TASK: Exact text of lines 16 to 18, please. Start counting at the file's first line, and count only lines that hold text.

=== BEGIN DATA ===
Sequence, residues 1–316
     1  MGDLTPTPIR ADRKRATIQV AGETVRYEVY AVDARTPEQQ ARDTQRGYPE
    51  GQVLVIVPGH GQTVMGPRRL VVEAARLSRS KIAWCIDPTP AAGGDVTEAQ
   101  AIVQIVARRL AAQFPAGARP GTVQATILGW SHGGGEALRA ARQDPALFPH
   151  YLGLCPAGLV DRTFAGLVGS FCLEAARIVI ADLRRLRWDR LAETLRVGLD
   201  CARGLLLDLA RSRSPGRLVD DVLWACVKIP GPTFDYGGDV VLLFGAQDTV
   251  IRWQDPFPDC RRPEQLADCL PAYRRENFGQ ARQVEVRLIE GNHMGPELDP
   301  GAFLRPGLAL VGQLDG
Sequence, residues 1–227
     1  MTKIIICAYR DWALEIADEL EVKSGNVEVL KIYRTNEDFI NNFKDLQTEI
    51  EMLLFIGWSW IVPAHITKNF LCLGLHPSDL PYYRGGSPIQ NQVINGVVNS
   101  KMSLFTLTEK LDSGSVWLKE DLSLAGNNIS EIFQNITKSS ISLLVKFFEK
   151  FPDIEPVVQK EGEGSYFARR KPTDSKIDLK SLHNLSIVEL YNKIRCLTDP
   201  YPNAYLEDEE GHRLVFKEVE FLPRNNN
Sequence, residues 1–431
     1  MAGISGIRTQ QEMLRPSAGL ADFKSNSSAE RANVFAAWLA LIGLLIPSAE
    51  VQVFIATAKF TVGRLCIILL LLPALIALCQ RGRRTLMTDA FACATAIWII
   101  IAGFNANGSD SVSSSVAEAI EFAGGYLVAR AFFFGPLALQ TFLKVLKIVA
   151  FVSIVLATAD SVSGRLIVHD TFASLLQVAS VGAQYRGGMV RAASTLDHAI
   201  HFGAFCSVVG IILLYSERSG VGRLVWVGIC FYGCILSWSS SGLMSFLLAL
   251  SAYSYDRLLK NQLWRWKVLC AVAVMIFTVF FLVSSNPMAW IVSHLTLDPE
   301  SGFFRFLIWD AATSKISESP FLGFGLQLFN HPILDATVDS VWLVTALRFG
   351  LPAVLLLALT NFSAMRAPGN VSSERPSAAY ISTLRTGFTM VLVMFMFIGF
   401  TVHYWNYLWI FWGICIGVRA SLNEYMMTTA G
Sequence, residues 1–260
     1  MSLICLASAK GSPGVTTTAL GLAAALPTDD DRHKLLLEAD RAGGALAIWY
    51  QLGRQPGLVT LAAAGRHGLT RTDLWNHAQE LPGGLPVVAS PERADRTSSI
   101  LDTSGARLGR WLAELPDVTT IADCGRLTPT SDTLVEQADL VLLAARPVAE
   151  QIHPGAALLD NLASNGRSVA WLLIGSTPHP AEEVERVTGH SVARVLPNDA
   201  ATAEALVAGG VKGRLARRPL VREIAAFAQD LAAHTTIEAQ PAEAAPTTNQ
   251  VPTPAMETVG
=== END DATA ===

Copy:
     1  MAGISGIRTQ QEMLRPSAGL ADFKSNSSAE RANVFAAWLA LIGLLIPSAE
    51  VQVFIATAKF TVGRLCIILL LLPALIALCQ RGRRTLMTDA FACATAIWII
   101  IAGFNANGSD SVSSSVAEAI EFAGGYLVAR AFFFGPLALQ TFLKVLKIVA